Mikael Lundberg is soon approaching veteran status but his form in the eastern side of Europe is excellent. Flitting between the two levels, it is surprising that the 44-year-old hasn’t played in this event more than once, ten years ago, but he is a Russian Open specialist and maybe the return to a favoured part of the world can spark a revival. Twice victor and once third in Moscow, his best effort, moneywise, has in fact been his last victory in the Lyoness in 2014 when beating the likes of Wiesberger and Luiten, rallying after a poor 76 to record a 65 and a play-off win against the Austrian.

I’ll fully admit that Lundberg is tough to read but he has followed his early-season victory at NGL level with a runner-up in Sweden and a couple of top-5s at the Hydro and the Rolex. Currently ranked 17th, he is just 20k ahead of 45th but more importantly is just 3k short of a top-15 and a guaranteed card back on the money train. With years of experience, he may just know when to attack and force his way up the board.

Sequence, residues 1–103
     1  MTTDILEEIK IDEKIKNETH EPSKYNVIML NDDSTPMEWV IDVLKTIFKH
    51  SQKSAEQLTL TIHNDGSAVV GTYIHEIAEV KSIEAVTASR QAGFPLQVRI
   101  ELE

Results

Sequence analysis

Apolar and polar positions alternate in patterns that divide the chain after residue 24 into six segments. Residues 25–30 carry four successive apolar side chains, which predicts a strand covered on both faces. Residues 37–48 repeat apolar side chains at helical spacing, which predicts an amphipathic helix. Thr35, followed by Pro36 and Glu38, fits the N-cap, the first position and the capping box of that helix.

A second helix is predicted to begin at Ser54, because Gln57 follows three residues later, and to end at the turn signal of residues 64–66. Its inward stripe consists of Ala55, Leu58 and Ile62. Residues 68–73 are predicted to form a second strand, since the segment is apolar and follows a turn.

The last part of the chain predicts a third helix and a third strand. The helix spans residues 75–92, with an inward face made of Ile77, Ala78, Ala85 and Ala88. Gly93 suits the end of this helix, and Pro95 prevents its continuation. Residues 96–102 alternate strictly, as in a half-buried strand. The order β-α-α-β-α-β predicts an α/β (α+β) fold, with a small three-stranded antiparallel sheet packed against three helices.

There look to be cases for at least fifteen of the top half of the market but the final bet is the slightly eccentric Joel Sjoholm, another Swede of considerable experience.

The 32-year-old Chilean-born seems to have been around longer than his years but often turns up at some point on the leaderboard and this looks a perfect opportunity to build on his victory at the Italian Challenge with rounds of 67/62/66/65. Given his nature, the next two moderate efforts are forgiven but that recent run of 23/59/21 does remind me of the earlier paragraphs and runs of recent winners, as well as the form he showed when finishing 8th around here in 2015. On that occasion, the former Georgia State star recovered from a poor opening 75 to record three successive 68s and I can see a similar effort here especially given that any decent finish secures his card. It’s a rare formline for the course but a very encouraging one.

There are a few other to be seriously considered but many are just too short. Spaniard Pedro Oriol looks the best of the rest at 40-1 after a recent victory, a warm-down at Cordon and a couple of weeks off, and can also bring further seasonal top-10s into the mix, but you can’t back them all.